The installation is expected to generate 175,000 kWh a year and save over 100 tonnes of CO2 emissions. It is made up of 1,392 glass laminate units and covers 2300 square metres.

The £1.3m project was conceived five years ago and is expected to last at least 25 years.

As King’s Cross station is a grade one listed building, the project faced several challenges in the development of the revitalised roof. The National Heritage was in constant dialogue during the process, and issues from the colour of the cables to hiding unsightly components had to be taken into consideration.

The construction company responsible for the development, Kier Construction claimed that the feat combined the best of Victorian engineering with a modern sustainable solution.

Other challenges included ensuring the panels were blast proof and received as much sunlight as possible. The shadow from the clock tower at the south end of the station gave rise to problems but the developers used innovative solutions – clustering the panels in an unconventional way, to maximise efficiency.

The panels were made by Romag, a company based in the North East of England, but the cells were manufactured in China.

UK solar energy company Sundog Energy oversaw the project and its technical director Martin Cotterell told edie that China’s dominance in the market was a promising sign that solar power was becoming a thriving sector.

Cotterell, who has been in the market since 1995 said: “10 years ago I knew where every solar panel in the country was- I had visited all of them – but now I don’t even know about half the ones in my own town: It is exciting times for solar energy.”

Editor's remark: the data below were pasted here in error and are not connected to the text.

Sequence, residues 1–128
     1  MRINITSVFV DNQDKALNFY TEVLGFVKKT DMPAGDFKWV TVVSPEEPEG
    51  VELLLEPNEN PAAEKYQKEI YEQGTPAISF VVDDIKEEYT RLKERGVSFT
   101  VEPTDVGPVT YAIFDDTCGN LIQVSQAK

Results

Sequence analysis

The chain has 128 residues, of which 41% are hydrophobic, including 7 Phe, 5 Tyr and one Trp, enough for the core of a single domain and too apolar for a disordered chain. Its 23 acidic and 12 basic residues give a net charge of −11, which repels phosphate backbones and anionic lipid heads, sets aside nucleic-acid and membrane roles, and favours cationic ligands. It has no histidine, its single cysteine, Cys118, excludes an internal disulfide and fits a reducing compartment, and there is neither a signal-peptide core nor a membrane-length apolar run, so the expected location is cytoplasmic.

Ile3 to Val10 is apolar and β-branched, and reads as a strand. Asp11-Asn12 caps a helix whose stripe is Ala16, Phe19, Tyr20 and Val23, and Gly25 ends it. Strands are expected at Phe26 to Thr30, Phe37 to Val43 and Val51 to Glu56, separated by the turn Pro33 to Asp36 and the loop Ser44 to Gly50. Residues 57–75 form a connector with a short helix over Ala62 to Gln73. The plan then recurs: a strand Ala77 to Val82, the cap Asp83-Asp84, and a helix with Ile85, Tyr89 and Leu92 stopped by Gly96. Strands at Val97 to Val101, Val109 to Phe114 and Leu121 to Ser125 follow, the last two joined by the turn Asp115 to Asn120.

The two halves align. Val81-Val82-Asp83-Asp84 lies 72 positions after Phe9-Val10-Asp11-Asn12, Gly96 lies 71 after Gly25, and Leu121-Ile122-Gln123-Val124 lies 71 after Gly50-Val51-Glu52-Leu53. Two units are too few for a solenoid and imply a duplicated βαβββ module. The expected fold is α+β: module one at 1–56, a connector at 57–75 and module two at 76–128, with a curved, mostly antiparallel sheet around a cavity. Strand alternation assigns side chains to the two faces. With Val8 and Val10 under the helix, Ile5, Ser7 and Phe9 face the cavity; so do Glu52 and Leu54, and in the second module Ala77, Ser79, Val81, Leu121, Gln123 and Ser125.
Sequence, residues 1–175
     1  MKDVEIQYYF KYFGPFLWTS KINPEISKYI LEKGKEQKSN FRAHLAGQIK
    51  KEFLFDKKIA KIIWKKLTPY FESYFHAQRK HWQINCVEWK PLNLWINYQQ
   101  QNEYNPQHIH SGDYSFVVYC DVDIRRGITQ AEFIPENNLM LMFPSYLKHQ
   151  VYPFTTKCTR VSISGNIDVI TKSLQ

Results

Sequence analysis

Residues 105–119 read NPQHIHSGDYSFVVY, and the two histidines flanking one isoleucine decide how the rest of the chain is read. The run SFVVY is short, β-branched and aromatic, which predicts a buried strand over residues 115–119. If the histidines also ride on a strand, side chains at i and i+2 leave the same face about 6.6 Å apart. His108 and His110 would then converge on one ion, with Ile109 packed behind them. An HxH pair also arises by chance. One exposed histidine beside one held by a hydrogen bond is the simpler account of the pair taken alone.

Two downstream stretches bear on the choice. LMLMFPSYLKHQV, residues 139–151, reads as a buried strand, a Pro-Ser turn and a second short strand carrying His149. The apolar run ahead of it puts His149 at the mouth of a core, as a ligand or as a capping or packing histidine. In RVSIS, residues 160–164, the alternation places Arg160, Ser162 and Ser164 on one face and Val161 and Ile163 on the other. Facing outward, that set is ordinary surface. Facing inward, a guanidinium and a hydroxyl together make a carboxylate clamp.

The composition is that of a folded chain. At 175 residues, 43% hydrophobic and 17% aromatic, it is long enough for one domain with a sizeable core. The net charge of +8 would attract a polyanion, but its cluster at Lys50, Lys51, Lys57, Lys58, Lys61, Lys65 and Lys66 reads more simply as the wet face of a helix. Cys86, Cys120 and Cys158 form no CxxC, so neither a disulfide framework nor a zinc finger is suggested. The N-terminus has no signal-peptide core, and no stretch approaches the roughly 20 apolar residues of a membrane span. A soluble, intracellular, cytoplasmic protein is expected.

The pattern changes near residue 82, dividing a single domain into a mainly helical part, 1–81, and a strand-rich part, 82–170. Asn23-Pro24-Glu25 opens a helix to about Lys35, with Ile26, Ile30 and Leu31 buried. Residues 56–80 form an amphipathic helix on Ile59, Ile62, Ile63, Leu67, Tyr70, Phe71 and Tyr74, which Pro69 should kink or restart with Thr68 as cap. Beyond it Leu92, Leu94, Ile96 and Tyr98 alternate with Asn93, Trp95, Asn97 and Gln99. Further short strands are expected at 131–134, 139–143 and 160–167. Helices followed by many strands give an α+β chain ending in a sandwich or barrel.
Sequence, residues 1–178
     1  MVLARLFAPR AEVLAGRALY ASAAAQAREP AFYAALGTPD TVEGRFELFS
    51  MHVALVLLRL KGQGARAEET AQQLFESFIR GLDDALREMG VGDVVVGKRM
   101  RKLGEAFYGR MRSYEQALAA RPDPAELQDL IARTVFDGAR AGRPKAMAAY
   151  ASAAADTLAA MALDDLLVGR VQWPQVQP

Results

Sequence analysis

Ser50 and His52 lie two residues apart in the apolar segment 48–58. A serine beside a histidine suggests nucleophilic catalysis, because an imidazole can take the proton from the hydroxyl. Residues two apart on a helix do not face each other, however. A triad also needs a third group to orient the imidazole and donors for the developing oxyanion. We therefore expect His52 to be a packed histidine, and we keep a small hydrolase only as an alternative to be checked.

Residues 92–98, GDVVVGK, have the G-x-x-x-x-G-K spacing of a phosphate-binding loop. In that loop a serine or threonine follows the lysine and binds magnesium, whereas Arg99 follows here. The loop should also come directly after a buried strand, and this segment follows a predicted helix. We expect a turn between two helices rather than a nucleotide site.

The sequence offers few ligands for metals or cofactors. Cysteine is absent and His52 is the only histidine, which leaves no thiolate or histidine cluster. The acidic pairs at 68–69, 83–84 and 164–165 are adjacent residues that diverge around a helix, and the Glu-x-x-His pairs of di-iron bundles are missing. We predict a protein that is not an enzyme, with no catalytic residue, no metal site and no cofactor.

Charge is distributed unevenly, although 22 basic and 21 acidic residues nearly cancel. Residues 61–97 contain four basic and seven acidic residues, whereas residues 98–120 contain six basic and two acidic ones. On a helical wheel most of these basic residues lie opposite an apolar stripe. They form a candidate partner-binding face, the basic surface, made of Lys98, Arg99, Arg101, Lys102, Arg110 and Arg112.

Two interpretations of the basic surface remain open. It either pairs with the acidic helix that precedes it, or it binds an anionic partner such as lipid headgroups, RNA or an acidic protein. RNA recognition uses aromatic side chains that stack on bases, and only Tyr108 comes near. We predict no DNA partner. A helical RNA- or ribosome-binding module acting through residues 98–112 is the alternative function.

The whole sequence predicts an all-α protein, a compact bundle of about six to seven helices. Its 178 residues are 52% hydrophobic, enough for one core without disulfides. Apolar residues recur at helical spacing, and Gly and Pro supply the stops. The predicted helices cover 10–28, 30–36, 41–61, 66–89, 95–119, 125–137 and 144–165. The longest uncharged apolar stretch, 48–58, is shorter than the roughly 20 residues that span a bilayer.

The installation brings with it marked improvements in the aesthetics of the station. Natural light is being harnessed far more than the previous 1960s roof design allowed and the PV solar panels seem to compliment this.

Exact figures as to the buy-back period of the project are not clear, but it is expected that the panels will generate 10% of the station’s electricity usage.

A screen will be mounted in the station that will show the public real time data of how much energy the solar panels are generating.

Romag managing director Phil Murray said: “King’s Cross is a fantastic example of how renewable technologies can be integrated into the fabric of a building and is testament to what can be achieved to reduce carbon emissions, particularly in a listed building in an urban area.”

Conor McGlone

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